MELBOURNE, Australia -- Still smiling an hour later, France's Jeremy Chardy said he had just played "the most beautiful match" of his career.
The 25-year-old Frenchman staged the biggest upset so far at the Australian Open, beating No. 6 Juan Martin del Potro in a five-setter that lasted nearly four hours Saturday.
"I feel so much emotion," Chardy said after the 6-3, 6-3, 6-7 (3), 3-6, 6-3 win. "It's a great moment for me. Everyone dreams of this."
Chardy, who lost in the first round last year, frustrated del Potro with a tricky slice and a mix of drop shots, volleys and an inside-out forehand. One fast-paced rally in the third set sent the 6-foot-6 Argentine sprinting into the stands and hurdling a barricade.
Del Potro, the 2009 U.S. Open champion, was seen as a potential challenger to the Big Three: No. 1 Novak Djokovic, No. 2 Roger Federer, No. 3 Andy Murray. In his first two matches, del Potro had dropped only 13 games -- the fewest among all men in the draw.
But it was Chardy who dominated with 78 winners, including 44 on his forehand side. The big-hitting Del Potro had only 12 forehand winners in five sets.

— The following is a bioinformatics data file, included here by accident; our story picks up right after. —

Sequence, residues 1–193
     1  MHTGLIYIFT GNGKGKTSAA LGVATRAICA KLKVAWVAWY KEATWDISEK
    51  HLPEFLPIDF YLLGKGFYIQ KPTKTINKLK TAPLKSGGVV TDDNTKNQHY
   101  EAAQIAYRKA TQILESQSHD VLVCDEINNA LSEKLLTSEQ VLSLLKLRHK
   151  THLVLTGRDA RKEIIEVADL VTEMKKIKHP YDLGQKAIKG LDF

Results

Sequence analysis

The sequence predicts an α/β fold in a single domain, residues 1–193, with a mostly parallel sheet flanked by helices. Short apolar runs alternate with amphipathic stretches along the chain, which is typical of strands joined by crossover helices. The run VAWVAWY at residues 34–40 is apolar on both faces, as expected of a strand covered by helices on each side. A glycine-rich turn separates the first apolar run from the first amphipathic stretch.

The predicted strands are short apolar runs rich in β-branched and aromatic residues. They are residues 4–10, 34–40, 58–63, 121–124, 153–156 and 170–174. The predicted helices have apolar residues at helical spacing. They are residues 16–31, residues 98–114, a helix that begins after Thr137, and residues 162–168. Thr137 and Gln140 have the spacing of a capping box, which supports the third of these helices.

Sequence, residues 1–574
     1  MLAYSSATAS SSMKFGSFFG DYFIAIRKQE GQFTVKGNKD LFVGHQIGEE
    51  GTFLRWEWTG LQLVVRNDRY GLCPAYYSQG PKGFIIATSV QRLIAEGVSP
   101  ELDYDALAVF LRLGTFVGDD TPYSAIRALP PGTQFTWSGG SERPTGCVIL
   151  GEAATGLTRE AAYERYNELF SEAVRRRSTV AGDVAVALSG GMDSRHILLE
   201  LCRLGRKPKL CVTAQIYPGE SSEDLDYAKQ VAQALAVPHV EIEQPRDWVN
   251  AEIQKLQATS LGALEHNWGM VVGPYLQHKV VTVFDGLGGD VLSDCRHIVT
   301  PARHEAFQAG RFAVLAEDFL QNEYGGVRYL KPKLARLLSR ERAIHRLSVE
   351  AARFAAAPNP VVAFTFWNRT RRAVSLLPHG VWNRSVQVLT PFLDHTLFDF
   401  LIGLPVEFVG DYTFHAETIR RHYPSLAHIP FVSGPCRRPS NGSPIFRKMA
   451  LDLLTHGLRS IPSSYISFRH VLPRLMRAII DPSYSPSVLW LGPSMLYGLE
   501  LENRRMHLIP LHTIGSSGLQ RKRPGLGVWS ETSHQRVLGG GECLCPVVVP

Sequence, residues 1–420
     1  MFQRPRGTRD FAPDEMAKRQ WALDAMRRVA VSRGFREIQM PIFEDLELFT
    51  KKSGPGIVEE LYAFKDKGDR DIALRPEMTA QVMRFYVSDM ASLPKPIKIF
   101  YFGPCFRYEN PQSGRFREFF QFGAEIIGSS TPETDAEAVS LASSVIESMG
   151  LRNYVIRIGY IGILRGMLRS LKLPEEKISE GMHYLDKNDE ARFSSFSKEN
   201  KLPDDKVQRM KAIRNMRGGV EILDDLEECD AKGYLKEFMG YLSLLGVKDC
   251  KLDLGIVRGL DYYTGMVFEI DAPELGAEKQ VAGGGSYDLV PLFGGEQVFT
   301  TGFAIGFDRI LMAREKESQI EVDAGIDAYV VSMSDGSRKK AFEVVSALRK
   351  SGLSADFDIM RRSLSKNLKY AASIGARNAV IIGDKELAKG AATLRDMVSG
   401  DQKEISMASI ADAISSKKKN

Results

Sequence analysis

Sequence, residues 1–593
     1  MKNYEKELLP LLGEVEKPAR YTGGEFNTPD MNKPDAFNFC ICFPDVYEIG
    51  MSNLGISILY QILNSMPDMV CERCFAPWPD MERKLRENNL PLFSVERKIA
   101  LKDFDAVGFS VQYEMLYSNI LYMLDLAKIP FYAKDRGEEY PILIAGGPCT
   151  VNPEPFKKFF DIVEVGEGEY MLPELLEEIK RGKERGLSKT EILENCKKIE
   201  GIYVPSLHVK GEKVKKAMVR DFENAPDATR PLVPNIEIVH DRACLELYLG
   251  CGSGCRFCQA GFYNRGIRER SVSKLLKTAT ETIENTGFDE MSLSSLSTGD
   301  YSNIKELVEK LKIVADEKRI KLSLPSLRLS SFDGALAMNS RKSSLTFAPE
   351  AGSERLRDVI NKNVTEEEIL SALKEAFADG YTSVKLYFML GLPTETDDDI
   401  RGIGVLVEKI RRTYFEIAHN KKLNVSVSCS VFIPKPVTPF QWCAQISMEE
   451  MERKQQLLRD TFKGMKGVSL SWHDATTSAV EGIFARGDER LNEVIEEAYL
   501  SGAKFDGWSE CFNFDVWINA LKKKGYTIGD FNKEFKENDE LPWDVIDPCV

"The match was really tough," said del Potro, who rallied from two sets down to level the match but dropped his serve in the crucial eighth game of the final set. "In the end when he had the chance to break me, he did. I think that was key," said del Potro.
"Jeremy played so strong for four hours," del Potro added. "He serves well. He made a lot of winners with the forehand, very good slices."
Chardy reached the fourth round of a major once before -- five years ago at Roland Garros.
"I played some tennis I never would have thought I was capable of playing," the No. 36-ranked Chardy said. "Five sets, to be here in a Grand Slam. It's the most beautiful match of my career."
He's one of four French players to reach the fourth round, matching the country's record at Melbourne Park.
Seventh-seeded Jo-Wilfried Tsonga and No. 9 Richard Gasquet also won their third-round matches Saturday, while No. 14 Gilles Simon was playing Gael Monfils later Saturday for a spot in the next round.
Asked if a Frenchman could possibly win the Australian Open, Chardy smiled broadly.
"Maybe me!" he said.